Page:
We arrived at Tiruchirappali (Trichy for short, otherwise variously spelled Tiruchchirappalli, Tiruchirapali and Tiruchirappali) as the sun hung low over Tamil Nadu, India's southernmost state.  From the airplane I saw the tan lines of dusty roads and sharp-cornered patches of agricultural green. A thick line of smog added visual levels to our descent, but the sky held out blue all the way to the ground.

We caught a taxi with little fuss and zoomed off in the golden sunset to find a hotel near the bus station.   Women in a rainbow of saris walked the roads beside us; yellow, honking three-wheeled taxis (called autos here) feinted left and right in the traffic; cows chewed grass unmolested. We had arrived.

The next morning we set off to survey our surroundings, feeling like explorers. We walked the wrong way, out of town, along a highway and through villages spliced into the city. Everyone was friendly, throwing us toothy smiles and generous “hellos.”  Nearly everyone spoke English. We ate breakfast for 25 cents, checked out a local supermarket, ate our spicy lunch like the locals—with our hands and off of a plate made from a piece of banana leaf.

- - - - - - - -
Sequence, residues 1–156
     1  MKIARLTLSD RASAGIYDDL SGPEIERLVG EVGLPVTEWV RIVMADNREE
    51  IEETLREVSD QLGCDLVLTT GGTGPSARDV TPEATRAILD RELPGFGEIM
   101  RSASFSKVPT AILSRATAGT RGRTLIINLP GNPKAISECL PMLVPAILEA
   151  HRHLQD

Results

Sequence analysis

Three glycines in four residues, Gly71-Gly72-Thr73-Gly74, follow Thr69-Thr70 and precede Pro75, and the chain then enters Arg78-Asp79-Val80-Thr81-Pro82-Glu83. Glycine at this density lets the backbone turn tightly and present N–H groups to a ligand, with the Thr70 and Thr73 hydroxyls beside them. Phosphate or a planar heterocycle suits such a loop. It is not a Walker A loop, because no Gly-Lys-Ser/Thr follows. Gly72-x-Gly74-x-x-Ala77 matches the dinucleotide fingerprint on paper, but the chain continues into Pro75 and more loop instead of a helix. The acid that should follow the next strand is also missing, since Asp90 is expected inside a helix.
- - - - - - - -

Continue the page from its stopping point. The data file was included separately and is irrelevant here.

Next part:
In the afternoon we walked the other way, attempting to reach the city bazaar so we could buy some mosquito-foiling long sleeved shirts.  Instead, we found small shrines to many-armed Hindu gods, vegetarian restaurants, hand-painted movie posters, a giant vegetable market and a lot of people wondering why we were walking and wanting to shake our hands.

We decided to extend our original sight seeing plan. The temples and bazaars will wait; today was for us to discover India.

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